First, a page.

Brigit stood, unable to move. It is always an uncanny thing to watch for any length of time a person who believes himself to be absolutely alone, and when, as in this case, the person is undergoing, and giving full vent to a very strong emotion, the strangeness is increased tenfold.
The man was, it was plain, after a week’s tremendous and for him wholly unusual self-restraint, now giving full rein to his great rage over his miserable situation. As he played, she could see the muscles of his strong neck move under the brown skin, and his shoulders rise and fall tumultuously with his uneven breaths. The din he made was almost unbearable, and she pressed her hands to her ears to shut it out.
The room was very large, and high, and round it, half-way up the dull yellow walls, ran an old carved gallery, relic of the time when it had been the studio of a hare-brained painter, a friend of Hazlitt and Coleridge, a believer in poor young Keats while the rest of the world laughed at him—in the very early days.
In those days feasts had been held here, and in the gallery, hidden behind flowering dwarf peach-trees in tubs, stringed instruments were played—very softly, for the painter of one good picture and dozens of bad ones, had taste—while his guests sat at his board. Stories are still told of the small table that used to be brought into the room at the end of dinner by two little Ethiopians in white tunics. An ancient table with faded gilding just visible on the claw feet that looked out from under its petticoat of finest damask; and on it priceless gold and silver bowls and salvers of all shapes, full of the most marvellous fruits from all countries, some of which fruits were never seen elsewhere in England. All dead and gone to dust years ago, host and guest and grinning little Ethiopians. Joyselle had told Brigit this story, and now as she stood watching him vent his wrath and anguish on his faithful Amati, a kind of vision came to her; and she seemed to see the room as it used to be—vaguely, the big table with six or eight men sitting around it drinking wine, and, more distinctly, the heaped-up bowls and plates of fruit——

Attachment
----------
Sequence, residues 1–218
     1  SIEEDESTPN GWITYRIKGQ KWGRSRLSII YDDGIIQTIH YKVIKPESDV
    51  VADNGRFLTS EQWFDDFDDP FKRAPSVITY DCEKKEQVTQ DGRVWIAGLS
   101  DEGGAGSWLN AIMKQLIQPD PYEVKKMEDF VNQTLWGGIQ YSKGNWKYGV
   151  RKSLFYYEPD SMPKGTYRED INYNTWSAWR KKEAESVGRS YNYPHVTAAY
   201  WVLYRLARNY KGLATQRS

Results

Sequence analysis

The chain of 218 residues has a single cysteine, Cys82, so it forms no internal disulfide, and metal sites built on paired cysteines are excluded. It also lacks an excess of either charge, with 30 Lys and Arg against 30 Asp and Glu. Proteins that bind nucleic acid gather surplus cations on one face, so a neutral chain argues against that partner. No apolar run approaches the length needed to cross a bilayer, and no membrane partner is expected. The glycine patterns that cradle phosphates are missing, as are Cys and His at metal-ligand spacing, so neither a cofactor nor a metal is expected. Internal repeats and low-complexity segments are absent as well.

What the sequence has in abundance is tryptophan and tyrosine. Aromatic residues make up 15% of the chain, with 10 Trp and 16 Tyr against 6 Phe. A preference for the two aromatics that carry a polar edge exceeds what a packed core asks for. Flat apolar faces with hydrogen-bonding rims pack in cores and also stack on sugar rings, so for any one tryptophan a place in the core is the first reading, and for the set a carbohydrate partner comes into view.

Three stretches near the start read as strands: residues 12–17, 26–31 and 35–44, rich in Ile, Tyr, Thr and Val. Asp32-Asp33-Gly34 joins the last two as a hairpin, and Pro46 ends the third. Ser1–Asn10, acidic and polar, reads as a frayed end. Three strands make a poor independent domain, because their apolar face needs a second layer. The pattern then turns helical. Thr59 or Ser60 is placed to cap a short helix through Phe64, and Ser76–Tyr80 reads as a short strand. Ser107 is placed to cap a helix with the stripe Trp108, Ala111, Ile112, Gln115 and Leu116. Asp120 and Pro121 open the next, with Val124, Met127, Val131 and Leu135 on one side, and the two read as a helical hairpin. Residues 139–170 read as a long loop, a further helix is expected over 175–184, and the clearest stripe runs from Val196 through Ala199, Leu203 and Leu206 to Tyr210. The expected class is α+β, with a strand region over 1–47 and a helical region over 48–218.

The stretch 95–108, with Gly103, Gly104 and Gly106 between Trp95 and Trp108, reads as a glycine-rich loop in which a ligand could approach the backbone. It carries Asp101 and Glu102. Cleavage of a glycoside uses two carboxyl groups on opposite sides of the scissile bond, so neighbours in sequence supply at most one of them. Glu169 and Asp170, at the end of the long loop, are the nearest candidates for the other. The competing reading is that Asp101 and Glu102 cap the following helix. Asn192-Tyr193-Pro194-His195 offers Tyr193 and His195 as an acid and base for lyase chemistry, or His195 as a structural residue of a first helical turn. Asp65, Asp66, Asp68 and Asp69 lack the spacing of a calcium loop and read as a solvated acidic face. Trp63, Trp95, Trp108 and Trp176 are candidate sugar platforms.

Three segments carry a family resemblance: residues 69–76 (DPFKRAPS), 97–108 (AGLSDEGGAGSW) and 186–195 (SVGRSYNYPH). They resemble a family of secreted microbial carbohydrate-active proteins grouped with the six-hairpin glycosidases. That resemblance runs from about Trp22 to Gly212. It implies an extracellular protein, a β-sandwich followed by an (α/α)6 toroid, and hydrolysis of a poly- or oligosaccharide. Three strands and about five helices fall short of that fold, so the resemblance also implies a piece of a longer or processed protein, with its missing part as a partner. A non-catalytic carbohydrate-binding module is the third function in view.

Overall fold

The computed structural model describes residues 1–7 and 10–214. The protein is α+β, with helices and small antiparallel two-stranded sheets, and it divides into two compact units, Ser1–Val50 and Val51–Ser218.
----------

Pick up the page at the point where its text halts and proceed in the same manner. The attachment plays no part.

Half hypnotised she stood there, her hands pressed to her ears until, with a final excruciating dig into the strings, he dropped his left arm and turned.
For a moment he, in his square of light, did not see her in the dusk under the gallery. Then he took a step forward, and with a low cry caught her in his arms and crushed her and the violin painfully to his breast.
“Mon Dieu, mon Dieu,” he repeated over and over, kissing her roughly, “you have come. Then you know, ma Brigitte, you know!”
“Yes, I know,” she admitted sullenly. “Let me go, Victor, you—you hurt me.”
He dropped his arms and she withdrew a few steps. He was very pale and his hair was ruffled.
“You—it was good of you to come,” he said after a pause. “Then, you are not angry?”